Thanatal Hiatus

Evocation of the “thanatal hiatus” (the long period of time elapsing between having-been-begotten and having-to-die) serves pronatalists as a way of repudiating antinatalists’ evocation of “thanatality” as a component part of the Conditio in/humana: For the great majority of people the unwelcome necessity of having-to-die lies in so far, or at least in so abstract, a distance that thanatality does not count among the factors that diminish or compromise the happiness of existence.  

Pronatalists generally provide the thanatal hiatus with the following factor of proportionality:  the longer the period of time a person has left to live, the more acceptable is their having-to-die. The corollary of this is: where younger people die, be it in a natural catastrophe, in war, or in traffic accidents, this is usually portrayed in news reports as something especially tragic (with very little distinction being made here between a death in great pain and a painless one).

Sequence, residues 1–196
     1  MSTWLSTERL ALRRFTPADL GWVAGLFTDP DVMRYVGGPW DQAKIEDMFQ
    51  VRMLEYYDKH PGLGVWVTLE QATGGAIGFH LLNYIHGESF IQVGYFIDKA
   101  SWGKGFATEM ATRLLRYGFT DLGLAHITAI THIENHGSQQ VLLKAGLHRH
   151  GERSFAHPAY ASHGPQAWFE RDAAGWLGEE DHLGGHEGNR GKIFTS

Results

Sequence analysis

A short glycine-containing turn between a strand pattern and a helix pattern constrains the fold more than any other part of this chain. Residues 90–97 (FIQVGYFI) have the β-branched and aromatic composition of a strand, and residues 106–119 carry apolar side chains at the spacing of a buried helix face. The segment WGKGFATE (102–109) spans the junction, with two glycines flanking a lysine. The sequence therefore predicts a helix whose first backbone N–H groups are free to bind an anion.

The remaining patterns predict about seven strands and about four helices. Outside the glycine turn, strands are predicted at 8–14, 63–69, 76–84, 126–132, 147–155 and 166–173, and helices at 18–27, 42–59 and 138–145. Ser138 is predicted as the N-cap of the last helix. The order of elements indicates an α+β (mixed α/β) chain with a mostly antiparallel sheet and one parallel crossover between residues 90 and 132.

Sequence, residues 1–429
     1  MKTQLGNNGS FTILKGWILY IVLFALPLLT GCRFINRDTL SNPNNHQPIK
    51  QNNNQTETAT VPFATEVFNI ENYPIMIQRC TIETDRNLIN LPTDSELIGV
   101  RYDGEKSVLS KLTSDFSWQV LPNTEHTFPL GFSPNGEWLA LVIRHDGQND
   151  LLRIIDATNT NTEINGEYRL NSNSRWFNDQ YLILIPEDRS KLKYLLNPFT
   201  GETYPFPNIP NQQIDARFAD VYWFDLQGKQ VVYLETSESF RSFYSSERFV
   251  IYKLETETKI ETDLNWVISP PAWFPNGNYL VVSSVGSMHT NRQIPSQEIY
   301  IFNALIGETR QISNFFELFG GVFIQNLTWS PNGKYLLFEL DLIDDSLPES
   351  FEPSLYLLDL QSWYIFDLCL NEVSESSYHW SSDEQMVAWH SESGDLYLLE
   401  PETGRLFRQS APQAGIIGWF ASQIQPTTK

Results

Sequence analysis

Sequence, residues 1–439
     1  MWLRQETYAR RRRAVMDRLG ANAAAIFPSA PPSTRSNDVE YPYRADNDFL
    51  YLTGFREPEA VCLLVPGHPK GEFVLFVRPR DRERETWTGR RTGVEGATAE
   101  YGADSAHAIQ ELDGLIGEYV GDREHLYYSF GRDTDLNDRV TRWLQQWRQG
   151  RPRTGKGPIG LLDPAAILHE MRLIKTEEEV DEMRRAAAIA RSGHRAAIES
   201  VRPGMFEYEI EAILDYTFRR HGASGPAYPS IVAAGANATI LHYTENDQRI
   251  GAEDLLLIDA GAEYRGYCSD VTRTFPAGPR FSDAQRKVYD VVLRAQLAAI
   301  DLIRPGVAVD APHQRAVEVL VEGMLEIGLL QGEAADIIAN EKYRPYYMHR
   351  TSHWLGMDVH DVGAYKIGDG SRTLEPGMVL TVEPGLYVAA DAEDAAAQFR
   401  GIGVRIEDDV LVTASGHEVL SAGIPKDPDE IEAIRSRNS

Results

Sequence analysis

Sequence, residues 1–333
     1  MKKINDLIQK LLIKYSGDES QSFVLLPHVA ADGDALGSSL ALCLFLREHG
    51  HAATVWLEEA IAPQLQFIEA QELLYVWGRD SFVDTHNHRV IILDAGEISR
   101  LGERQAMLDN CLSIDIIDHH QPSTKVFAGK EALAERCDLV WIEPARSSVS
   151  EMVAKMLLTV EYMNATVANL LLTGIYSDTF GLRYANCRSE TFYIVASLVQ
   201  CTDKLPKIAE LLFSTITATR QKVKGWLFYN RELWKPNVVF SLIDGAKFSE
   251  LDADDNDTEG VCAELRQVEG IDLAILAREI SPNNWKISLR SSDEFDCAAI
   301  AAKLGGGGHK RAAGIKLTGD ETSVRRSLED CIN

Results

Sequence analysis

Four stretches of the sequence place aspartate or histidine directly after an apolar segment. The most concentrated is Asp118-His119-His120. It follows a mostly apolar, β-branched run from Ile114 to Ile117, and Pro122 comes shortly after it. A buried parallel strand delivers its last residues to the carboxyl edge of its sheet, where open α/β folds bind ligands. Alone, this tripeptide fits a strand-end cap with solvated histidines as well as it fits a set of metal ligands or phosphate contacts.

In contrast to the claim that pronatalists make upon the thanatal hiatus we antinatalists advance the following formulation: ceteris paribus, the shortest possible interval of time between  the >Beginning of Life and the >End of Life is to be preferred; what counts, for us, as especially tragic is an agonizing death after a long life full of experiences of care and misery.

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